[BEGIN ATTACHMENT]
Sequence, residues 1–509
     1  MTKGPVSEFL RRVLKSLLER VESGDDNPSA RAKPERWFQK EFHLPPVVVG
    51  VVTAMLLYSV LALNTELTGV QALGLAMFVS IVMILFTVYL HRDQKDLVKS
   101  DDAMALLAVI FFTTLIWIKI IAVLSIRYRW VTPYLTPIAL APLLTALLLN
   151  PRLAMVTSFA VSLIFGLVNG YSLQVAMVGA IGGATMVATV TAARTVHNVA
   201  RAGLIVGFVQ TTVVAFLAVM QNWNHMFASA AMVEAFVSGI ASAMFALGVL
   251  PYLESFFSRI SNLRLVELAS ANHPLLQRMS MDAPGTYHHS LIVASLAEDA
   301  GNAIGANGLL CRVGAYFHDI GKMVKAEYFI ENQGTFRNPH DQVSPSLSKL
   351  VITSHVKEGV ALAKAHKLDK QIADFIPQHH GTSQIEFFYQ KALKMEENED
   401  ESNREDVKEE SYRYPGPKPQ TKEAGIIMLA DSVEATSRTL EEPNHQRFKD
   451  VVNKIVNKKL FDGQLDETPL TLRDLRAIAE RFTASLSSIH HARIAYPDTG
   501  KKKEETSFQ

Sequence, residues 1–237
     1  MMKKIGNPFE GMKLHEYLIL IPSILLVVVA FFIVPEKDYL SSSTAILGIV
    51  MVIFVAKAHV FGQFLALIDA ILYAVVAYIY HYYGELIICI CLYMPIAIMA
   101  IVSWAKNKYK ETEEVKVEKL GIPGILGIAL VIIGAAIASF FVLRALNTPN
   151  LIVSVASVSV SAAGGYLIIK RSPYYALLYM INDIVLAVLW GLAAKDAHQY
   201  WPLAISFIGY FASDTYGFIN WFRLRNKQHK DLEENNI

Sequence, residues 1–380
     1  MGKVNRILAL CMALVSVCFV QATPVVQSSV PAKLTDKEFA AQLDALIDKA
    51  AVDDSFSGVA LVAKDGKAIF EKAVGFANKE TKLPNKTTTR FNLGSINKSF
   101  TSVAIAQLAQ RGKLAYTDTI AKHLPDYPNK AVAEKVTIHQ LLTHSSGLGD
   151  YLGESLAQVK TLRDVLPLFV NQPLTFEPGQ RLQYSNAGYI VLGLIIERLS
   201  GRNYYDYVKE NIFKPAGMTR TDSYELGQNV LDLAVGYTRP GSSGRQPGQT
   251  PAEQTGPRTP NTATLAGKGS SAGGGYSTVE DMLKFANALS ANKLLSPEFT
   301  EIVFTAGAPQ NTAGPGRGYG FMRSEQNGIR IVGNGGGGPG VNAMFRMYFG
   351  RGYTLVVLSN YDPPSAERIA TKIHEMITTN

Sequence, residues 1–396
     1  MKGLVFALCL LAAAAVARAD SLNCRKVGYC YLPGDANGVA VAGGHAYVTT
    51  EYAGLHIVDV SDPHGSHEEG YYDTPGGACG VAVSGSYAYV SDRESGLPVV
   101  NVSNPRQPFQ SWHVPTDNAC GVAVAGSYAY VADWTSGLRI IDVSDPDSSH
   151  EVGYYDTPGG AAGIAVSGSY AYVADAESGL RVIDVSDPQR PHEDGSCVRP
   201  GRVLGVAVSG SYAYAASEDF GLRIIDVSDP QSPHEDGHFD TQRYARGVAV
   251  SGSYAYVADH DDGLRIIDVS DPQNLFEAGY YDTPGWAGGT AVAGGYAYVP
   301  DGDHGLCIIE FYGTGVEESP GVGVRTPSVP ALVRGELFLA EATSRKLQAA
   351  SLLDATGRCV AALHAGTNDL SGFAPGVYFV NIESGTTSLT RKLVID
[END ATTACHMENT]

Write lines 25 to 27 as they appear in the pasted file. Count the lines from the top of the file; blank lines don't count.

   251  PAEQTGPRTP NTATLAGKGS SAGGGYSTVE DMLKFANALS ANKLLSPEFT
   301  EIVFTAGAPQ NTAGPGRGYG FMRSEQNGIR IVGNGGGGPG VNAMFRMYFG
   351  RGYTLVVLSN YDPPSAERIA TKIHEMITTN